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Alaska's wildfire season starts slow, despite Southcentral burns

  • Author: Chris Klint
  • Updated: May 14, 2017
  • Published May 14, 2017

Alaska's 2017 wildfire season has been relatively tame so far, state fire officials said last week — but several recent Anchorage and Mat-Su wildfires have heightened firefighters' concerns about burn conditions in Southcentral Alaska.

Gov. Bill Walker on Friday proclaimed this week Wildland Fire Prevention and Preparedness Week, noting in a statement that "the trend in recent years has been for earlier and longer fire seasons."

An overview of the wildfire season so far from the Alaska Interagency Coordination Center listed 86 wildfires that have burned just over 2,100 acres of land. One fire was caused by lightning, but the rest are believed to have been human-caused.

Alaska Division of Forestry spokesman Tim Mowry said almost all of the land that has burned, nearly 2,000 acres, was from the Zane Hills fire in the Selawik National Wildlife Refuge last month. That Northwest Alaska fire was suspected to be sparked by either a snowmachine or an unattended campfire.

The real start of wildfire season for most of the state is likely a few weeks away, Mowry said.

"It's been sort of a slow start to the season thus far (in) part due to the snow we had this year," Mowry said. "We had a bit more snowpack — it took a little while for all that to melt off to expose all this dead grass, leaf litter."

That leaf litter can pose a threat to homes, however, once it dries out — something Mowry said Southcentral Alaska was already seeing as recently as last week.

"The (Southcentral) fire danger is very high," Mowry said. "People don't really think so, because they're out in their yard and they're walking through soggy wet grass, but anything that's dry can burn very quickly."

The first Southcentral wildfires to make news this year occurred on April 20, when a 2-acre fire near Indian briefly closed the Seward Highway south of Anchorage and Mat-Su firefighters fought four fires from Palmer to Big Lake. The Mat-Su fires were tracked to a backfiring vehicle — the same cause officials suspected in the Seward Highway fire.

On May 6, Mat-Su firefighters responded to a 1-acre blaze at a home outside of Palmer. According to the Division of Forestry's Facebook page, the fire began when "a charcoal grill was knocked over by the wind and the hot coals started a grass fire."

Fire officials say a 1-acre wildfire on Teresa Drive outside Palmer, on Saturday, May 6,2017, began when a charcoal grill overturned in high winds. (From Alaska Division of Forestry)

"The fire spread quickly in the windy conditions and the homeowner wasn't able to contain it," officials wrote. "Division of Forestry personnel arrived within seven minutes of the time the fire was reported and were able to knock it down and contain it before it burned the home down."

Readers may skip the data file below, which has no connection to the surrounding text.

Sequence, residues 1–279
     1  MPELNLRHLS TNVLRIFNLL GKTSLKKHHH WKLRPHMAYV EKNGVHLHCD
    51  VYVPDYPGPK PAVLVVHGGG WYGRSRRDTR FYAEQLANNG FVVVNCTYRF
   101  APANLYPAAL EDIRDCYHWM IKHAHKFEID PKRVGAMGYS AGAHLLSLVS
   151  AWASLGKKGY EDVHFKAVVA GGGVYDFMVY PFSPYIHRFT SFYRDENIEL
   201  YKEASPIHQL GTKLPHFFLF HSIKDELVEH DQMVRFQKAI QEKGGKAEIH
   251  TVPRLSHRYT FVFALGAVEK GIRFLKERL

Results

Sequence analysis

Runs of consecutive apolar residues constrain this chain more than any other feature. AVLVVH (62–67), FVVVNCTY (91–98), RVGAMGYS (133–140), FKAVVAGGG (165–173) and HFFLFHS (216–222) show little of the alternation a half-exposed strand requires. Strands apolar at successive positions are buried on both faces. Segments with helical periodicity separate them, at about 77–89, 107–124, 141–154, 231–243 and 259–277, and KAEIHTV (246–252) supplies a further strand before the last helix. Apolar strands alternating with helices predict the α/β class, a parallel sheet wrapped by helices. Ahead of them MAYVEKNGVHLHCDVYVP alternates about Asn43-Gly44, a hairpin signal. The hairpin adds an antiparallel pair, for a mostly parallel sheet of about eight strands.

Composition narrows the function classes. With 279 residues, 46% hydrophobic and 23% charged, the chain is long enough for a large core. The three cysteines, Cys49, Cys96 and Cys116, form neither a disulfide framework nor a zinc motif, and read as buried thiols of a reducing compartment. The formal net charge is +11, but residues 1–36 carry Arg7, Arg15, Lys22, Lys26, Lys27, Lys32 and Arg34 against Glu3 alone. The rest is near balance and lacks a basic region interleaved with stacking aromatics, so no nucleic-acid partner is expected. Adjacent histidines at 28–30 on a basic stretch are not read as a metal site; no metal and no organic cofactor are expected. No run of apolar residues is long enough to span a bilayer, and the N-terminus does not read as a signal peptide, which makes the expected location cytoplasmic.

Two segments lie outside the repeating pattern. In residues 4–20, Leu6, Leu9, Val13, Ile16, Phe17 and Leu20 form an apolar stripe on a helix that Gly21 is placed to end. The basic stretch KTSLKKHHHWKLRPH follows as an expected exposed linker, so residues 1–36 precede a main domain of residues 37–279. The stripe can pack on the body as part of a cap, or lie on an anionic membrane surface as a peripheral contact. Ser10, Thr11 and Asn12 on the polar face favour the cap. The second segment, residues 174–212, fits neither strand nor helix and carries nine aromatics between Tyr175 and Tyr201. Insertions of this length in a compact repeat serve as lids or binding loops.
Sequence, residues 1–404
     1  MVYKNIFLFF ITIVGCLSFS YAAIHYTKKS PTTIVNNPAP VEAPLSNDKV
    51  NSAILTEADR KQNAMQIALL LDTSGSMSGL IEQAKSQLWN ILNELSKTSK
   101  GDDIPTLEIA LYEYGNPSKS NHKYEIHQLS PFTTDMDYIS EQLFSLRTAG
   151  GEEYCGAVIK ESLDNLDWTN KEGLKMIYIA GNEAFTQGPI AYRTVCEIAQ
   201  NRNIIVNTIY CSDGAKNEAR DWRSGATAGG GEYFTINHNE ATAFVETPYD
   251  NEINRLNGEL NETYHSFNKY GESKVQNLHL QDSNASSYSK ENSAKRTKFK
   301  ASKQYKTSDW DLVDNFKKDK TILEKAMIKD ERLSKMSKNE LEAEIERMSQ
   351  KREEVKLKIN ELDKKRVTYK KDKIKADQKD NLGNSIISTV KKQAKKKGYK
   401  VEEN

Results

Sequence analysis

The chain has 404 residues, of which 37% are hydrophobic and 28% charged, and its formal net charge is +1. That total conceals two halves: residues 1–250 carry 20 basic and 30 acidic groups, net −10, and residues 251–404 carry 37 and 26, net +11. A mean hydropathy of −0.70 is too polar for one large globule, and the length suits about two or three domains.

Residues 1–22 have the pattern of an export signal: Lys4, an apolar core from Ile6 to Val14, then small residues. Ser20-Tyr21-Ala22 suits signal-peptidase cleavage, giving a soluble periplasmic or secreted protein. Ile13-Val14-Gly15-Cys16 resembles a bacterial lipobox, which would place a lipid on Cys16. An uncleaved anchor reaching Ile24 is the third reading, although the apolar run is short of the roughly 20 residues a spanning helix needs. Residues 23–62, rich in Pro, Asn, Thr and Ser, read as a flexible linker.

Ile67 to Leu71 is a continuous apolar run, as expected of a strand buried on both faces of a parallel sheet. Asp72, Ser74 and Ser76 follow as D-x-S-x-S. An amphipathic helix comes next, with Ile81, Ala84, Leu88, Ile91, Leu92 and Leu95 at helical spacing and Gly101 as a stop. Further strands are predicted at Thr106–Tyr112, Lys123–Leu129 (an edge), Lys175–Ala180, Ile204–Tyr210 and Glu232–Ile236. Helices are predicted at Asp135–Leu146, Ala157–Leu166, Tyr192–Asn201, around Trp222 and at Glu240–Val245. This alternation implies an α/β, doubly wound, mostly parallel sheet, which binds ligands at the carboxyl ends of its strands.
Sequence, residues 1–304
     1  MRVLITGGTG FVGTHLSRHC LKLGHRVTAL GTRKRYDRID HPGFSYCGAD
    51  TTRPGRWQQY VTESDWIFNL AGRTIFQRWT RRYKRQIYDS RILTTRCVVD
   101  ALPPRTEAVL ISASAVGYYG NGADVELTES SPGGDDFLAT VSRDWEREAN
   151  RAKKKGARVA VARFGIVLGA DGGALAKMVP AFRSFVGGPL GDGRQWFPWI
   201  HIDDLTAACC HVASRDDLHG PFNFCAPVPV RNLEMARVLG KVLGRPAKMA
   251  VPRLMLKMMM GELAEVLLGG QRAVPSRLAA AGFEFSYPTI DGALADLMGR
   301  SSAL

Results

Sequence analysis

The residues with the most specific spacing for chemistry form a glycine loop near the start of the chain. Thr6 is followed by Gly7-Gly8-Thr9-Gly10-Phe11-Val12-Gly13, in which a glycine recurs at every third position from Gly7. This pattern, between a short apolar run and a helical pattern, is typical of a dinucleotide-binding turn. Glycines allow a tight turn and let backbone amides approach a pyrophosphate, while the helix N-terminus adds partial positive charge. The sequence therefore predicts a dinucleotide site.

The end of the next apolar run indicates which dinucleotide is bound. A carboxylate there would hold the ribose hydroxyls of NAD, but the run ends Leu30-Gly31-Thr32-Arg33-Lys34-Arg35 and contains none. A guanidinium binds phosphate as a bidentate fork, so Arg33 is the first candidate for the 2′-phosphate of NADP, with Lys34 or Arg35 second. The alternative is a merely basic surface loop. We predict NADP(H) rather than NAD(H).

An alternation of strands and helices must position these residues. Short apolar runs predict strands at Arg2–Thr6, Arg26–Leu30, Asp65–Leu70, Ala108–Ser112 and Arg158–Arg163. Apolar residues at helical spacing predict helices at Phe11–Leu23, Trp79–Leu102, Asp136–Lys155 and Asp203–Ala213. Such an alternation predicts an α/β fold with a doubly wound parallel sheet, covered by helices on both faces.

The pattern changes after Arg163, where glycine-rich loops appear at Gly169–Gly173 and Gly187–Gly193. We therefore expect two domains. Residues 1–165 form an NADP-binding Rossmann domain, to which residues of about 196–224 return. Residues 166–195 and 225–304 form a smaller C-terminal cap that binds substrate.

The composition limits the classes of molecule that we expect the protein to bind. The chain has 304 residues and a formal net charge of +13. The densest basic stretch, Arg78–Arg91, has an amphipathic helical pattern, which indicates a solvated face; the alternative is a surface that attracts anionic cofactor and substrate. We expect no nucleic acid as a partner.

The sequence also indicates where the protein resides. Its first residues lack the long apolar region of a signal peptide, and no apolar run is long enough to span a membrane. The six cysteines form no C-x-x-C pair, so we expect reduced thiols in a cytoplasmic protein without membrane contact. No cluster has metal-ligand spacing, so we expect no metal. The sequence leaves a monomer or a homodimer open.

Ken Barkley, the Mat-Su Borough's deputy emergency services director, said dry conditions and underbrush in recent weeks led to high levels of fire danger, particularly when winds kicked up.

"The dangers we've seen are very fast-moving fires — they're kind of burning top-level fuels," Barkley said. "We've already had four structures threatened by them; we saved all of them, but if we hadn't gotten there with a fast response it could have had a very different outcome."

Last Monday saw a series of six wildfires spanning from Houston to Palmer, according to Barkley. Although each of those fires was small, less than 2 acres in size, they were a warning of the potential for future burns.

"Some were illegal burns and some were just escapement fires," Barkley said. "But people are gonna have to start paying attention and thinking about following the proper burn practices in place, and having water in place."

Barkley urged Alaskans to adhere to any burn suspensions. Staff at the division can take questions on burning at 907-356-5511; a map of burn restrictions statewide is posted on the division's website, along with a listing of regional burn permit hotlines for recorded updates.

"A burn permit does not give you carte blanche to burn," Barkley said. "You have to call each morning to verify that you can burn."

A wildfire along the Seward Highway on April 20, 2017, as seen from across Turnagain Arm near Hope. (Nathaniel Herz / Alaska Dispatch News)

Tim Garbe, a battalion chief with the Anchorage Fire Department, said that the winter's heavy snowfall had reduced wildfire danger around the city.

AFD crews responded Wednesday afternoon to a 100-by-200-foot grass fire on the 6400 block of DeBarr Road, putting it out within a few minutes, but Garbe said the department hadn't taken any steps beyond the usual to ready itself for wildfire season.

"We've taken our normal preparations; all of our wildland gear has been dispersed as we normally do," Garbe said. "Really, we're just in our normal posture for this time of year."

At the state level, wildland firefighter crews are being trained and air assets are being positioned this month, Mowry said. Helicopters are already on contract in Kenai, the Mat-Su and Fairbanks, with Tok and Delta Junction coming online this week.

The federal Alaska Fire Service has about 20 smokejumpers ready for any immediate fire deployments, according to spokeswoman Beth Ipsen. A number of smokejumper transports and support aircraft to coordinate fire responses are also being prepared for the season.

How the state's wildfire outlook develops, however, is heavily dependent on the weather.

"For the rest of the season, that's up to Mother Nature," Mowry said. "It's all sort of based on the weather we get this month and next month, and how much lightning we get thrown at us."